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EDUC_612_Fall_2018_Module_3

educ_612_fall_2018_module_3
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2 Responses to EDUC_612_Fall_2018_Module_3

  1. Tara Sloan says:

    I don’t see a thread yet for the question “Why is qualitative research often considered less useful than quantitative and what can qualitative research do to overcome that?” So I am starting one. If it needs to be moved let me know!

    I was struck by the quote on the link provided about the classic debate (http://wilderdom.com/research/QualitativeVersusQuantitativeResearch.html), “There’s no such thing as qualitative data. Everything is either 1 or 0.” In my opinion, rich answers that lead to more in-depth questions lie in the gray of qualitative research. If the researcher’s role is to be involved and empathetic and to focus more on the subject matter than the methodology as the module reading stated, then the perspective of the researcher can play a large role in the outcome if we’re not careful. I can see how this perceived lack of objectivity could cloud trust for qualitative studies. But there are ways to add validity to these studies to negate this negative bias:
    (Campus labs https://baselinesupport.campuslabs.com/hc/en-us/articles/204305695-Avoiding-bias-in-qualitative-data-analysis)
    1. Use multiple people to code the data.
    2. Have participants review your results.
    3. Verify with more data sources (triangulation).
    4. Check for alternative explanations.
    5. Review findings with peers.

    These seem like reasonable suggestions that could add validity to qualitative studies.

  2. Roxie Hetzer says:

    Qualitative research may be viewed as less useful than quantitative research because it is often based on social situations or answering philosophical social questions (Wood & Welch, 2010). The qualitative results are subjective to the respondents view, relative to the unique situation, and data is subjective and restricted to the interpretation of the observer (Wood & Welch, 2010).

    Qualitative bias can be overcome when the observer stays as objective as possible. Bias can be limited when multiple people are used to code the date, have participants review the results, verify data with more data sources, check for alternative explanations, and review your findings with peers (Google, Avoiding Bias in Qualitative Data Analysis). Sept 28, 2018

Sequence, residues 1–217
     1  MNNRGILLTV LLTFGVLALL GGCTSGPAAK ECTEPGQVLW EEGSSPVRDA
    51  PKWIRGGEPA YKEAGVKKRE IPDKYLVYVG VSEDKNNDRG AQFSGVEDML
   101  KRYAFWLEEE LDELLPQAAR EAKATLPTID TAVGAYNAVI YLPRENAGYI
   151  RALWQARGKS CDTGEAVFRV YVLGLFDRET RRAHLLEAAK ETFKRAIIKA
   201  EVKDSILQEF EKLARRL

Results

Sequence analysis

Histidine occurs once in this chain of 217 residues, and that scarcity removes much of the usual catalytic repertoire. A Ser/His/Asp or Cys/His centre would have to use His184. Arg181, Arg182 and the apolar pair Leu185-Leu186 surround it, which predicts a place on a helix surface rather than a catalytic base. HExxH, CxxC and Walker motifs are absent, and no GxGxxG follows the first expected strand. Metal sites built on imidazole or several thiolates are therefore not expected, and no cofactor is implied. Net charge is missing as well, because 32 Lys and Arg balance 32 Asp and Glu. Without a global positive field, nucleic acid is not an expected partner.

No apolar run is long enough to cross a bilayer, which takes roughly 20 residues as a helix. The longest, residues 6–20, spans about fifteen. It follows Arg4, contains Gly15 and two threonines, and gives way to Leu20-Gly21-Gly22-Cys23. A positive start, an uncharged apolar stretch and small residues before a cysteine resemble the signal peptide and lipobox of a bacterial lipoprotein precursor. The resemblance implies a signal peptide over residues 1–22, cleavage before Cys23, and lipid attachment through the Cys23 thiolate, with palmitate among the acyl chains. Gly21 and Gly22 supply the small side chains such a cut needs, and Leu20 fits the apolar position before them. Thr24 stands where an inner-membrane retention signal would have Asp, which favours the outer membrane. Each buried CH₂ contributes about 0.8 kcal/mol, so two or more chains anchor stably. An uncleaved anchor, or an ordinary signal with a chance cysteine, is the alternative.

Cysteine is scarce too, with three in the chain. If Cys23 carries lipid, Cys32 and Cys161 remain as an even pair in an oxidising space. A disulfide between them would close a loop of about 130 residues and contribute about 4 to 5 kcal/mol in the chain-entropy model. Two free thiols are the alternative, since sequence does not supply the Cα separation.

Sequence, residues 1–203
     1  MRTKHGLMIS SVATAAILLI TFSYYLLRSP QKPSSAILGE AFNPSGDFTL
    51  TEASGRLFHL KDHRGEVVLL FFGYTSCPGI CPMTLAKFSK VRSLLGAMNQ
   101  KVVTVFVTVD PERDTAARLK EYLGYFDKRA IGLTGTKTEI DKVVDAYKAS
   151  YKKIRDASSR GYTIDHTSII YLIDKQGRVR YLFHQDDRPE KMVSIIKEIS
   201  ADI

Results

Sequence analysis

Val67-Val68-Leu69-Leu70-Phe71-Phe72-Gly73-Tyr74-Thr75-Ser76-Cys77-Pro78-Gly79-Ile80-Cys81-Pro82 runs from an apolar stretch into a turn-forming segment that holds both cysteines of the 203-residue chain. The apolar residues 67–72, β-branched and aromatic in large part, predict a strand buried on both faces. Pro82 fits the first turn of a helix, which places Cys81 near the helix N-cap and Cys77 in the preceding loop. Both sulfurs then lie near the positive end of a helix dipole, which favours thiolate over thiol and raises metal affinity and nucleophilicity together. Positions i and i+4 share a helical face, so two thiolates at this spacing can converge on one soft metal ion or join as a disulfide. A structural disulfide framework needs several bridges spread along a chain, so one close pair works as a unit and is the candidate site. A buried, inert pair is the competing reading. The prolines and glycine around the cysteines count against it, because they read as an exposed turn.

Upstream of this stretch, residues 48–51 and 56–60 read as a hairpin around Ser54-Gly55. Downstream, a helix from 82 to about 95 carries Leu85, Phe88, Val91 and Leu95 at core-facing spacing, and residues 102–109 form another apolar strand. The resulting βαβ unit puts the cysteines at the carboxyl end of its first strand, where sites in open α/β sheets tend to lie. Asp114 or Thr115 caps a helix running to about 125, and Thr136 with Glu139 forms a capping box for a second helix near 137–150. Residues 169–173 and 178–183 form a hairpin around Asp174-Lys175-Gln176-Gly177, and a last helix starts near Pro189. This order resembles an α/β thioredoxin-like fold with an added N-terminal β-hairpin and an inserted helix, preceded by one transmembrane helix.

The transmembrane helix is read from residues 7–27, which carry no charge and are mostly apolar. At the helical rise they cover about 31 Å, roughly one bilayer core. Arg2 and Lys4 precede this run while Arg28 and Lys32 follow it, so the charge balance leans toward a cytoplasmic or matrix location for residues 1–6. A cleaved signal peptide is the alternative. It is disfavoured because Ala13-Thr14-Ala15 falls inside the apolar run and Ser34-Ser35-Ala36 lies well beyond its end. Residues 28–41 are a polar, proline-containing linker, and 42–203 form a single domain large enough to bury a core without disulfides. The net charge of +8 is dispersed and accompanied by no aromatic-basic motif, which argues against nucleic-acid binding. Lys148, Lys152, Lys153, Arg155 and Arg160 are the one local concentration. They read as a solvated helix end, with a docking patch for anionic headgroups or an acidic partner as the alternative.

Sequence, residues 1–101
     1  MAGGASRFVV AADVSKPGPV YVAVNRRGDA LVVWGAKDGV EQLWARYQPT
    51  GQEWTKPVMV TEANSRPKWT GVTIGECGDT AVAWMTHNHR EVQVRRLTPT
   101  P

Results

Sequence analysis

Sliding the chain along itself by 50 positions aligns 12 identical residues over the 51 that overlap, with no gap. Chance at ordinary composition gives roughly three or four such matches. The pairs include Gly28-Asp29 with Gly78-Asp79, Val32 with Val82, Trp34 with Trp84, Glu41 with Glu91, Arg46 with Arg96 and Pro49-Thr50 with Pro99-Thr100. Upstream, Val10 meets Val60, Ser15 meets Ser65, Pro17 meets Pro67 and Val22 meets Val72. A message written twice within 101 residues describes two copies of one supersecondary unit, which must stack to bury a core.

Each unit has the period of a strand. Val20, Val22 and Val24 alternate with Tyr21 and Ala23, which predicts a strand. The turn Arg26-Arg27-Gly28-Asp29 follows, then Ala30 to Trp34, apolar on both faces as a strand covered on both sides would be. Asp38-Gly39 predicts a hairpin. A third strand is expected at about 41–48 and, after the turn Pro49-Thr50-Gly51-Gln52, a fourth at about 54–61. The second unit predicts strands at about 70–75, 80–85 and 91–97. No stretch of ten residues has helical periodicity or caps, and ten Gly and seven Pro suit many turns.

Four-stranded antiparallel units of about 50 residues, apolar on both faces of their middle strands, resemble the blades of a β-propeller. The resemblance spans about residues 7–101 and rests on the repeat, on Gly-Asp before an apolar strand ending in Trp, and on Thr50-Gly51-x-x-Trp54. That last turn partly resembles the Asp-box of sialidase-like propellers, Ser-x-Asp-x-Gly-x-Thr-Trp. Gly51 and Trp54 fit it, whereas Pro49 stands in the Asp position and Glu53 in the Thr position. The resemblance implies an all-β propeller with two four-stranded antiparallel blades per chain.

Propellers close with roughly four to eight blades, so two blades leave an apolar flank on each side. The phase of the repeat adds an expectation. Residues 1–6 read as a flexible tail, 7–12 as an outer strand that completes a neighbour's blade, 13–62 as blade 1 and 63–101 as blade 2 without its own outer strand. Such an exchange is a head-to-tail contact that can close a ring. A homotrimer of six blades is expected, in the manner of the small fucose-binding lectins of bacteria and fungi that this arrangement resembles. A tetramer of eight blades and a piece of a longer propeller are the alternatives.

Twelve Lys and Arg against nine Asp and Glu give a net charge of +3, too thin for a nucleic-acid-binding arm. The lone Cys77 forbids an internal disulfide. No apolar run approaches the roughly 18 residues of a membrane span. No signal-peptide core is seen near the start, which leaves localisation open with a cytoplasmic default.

Qualitative research has many benefits. It can build on the respondents’ comments and ideas. There are often interviews or group discussions that engage the respondents more than a structured qualitative survey (Google, What is Qualitative Research). Sep 28, 2018. The interviewer can probe deeper by asking open ended questions, asking the “Help me understand why you feel that way?” questions and/or leads. Qualitative research also provides opportunities to observe, record, and interpret non-verbal communication like body language and voice intonation as part of the respondent’s feedback. It can engage the respondent in play activities, or natural activities like walking and/or exercise, that can help the respondent overcome anxiety leading to spontaneous reactions and/or comments. A researcher can collect qualitative data through interviews or small groups, collecting and reading respondents journal entries, phone calls, and video conferencing (Google, What is Qualitative Research). Sep 28, 2018

    References

    Wood, M., Welch, C. (2010). Methodological Innovations Online. Are ‘Qualitative’ and ‘Quantitative’ Useful Terms for Describing Research?, 5 (1) p. 56-71, http://journals.sagepub.com/doi/pdf/10.4256/mio.2010.0010

    URLs:
    Google, How to Overcome Bias in Qualitative Research. Sep 28, 2018. https://www.google.com/search?q=how+do+you+overcome+qualitative+bias%3F&ie=utf-8&oe=utf-8&client=firefox-b-1

    Google, What is Qualitative Research. Sep 28, 2018. https://www.qrca.org/page/whatisqualresearch

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